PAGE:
an initiative of brand new type to revive the rich calligraphic traditions of indic scripts. the idea is to go back to the source and understand how these scripts are originally written and read. by studying and documenting the history and traditions of different scripts in india, brand new type aims to develop high quality digital typefaces for modern usage.

Sanamahi and Pakhangba

The typefaces 'Pakhangba' and 'Sanamahi' were the outcome of a project entitled 'Meetei Mayek: the ignored face'. The project investigates the history of the indigenous script of Manipur – 'Meetei Mayek' – and documents the current scenario of this script. The intention behind designing these typefaces is to revive a dying script. This is why they focus purely on anatomy, with no additional decorations.

'Pakhangba' is a humanist typeface based on the organic and calligraphic flow of the hand while writing. The construction of each letterform has been carefully studied, and is reflected in the elegant anatomy of 'Pakhangba'. 'Sanamahi', on the other hand, is geometric with bold and firm letterforms and is intended for display text.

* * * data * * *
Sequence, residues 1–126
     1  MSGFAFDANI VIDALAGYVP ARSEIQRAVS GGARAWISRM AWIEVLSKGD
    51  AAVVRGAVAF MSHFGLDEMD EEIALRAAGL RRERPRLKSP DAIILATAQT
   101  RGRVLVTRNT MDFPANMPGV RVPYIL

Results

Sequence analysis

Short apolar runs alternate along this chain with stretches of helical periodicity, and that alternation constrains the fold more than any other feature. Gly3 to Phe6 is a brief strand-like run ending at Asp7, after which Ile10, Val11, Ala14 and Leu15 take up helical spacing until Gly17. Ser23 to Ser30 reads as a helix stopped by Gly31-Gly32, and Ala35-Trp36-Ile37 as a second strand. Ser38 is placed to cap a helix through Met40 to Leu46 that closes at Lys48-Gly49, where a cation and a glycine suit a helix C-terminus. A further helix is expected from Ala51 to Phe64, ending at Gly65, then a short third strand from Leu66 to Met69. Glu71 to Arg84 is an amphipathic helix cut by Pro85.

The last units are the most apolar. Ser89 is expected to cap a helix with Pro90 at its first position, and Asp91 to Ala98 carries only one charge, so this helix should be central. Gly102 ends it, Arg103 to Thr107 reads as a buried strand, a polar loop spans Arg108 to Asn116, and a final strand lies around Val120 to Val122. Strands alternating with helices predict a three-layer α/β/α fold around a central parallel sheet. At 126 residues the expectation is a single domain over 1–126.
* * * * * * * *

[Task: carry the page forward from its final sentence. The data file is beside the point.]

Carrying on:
As they were the first two typefaces designed, 'Pakhanga' and 'Sanamahi' will be refined and revisited to include more weights and styles.
client  Research & Publication, National Institute of Design
designer  neelakash k.
year  2006


In the beginning of the 18th century, as a result of political and cultural changes, the Bengali script replaced Meetei Mayek — the indigenous script of Manipur (a north-eastern state of India bordering Myanmar). Since then, the people of Manipur have been using the Bengali script for writing Meeteilon, the main spoken language of Manipur. This led to the introduction of new sounds in the Meeteilon from the Bengali script. Hence, during this period some new and modified letterforms were added for these sounds in Meetei Mayek. However after a number of conferences, the scholars have finally concluded that Meetei Mayek consists of 27 letteforms with their supplements. After almost 250 years, in 2005-06, the Government of Manipur officially approved the Meetei Mayek and included in the academic curriculum of Manipur Education. The new generation is learning Meetei Mayek instead of Bengali script to read and write Meeteilon.

As the new generation is learning Meetei Mayek and it is slowly replacing the Bengali script, new typefaces will also be required for various forms of communication. At present there are only a few typefaces, of questionable quality. Very limited research has been done on Meetei Mayek from the typographic point of view. Besides, there is a need to develop a system or guideline for designing Meetei Mayek typefaces.